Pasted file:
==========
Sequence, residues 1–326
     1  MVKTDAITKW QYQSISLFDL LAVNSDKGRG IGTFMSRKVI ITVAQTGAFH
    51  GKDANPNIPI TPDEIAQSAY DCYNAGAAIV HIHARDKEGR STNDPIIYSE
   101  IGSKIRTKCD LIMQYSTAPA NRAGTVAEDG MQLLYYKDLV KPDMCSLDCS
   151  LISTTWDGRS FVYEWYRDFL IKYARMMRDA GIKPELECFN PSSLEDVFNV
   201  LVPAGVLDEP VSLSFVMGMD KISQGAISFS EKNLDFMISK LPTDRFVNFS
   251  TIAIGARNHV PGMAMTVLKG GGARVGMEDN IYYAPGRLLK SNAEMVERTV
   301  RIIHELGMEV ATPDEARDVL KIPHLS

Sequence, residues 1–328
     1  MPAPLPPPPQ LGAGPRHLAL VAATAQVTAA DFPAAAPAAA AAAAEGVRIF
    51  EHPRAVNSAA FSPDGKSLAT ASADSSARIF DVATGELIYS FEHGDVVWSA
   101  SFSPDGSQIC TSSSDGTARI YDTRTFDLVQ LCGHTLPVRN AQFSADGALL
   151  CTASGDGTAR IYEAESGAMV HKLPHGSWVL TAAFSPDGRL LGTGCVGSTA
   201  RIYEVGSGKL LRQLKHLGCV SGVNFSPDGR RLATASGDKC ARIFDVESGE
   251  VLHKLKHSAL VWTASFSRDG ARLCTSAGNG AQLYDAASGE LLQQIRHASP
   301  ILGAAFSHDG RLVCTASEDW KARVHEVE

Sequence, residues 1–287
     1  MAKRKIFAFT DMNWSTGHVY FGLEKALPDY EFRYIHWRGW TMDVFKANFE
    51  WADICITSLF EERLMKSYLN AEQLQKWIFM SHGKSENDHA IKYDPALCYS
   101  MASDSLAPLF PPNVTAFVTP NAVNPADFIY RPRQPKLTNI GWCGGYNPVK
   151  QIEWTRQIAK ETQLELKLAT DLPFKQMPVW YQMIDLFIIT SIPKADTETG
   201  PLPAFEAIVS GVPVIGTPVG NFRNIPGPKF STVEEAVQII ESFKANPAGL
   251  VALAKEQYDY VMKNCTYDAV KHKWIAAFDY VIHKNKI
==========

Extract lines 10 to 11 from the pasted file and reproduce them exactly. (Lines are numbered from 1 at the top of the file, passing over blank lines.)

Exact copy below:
     1  MPAPLPPPPQ LGAGPRHLAL VAATAQVTAA DFPAAAPAAA AAAAEGVRIF
    51  EHPRAVNSAA FSPDGKSLAT ASADSSARIF DVATGELIYS FEHGDVVWSA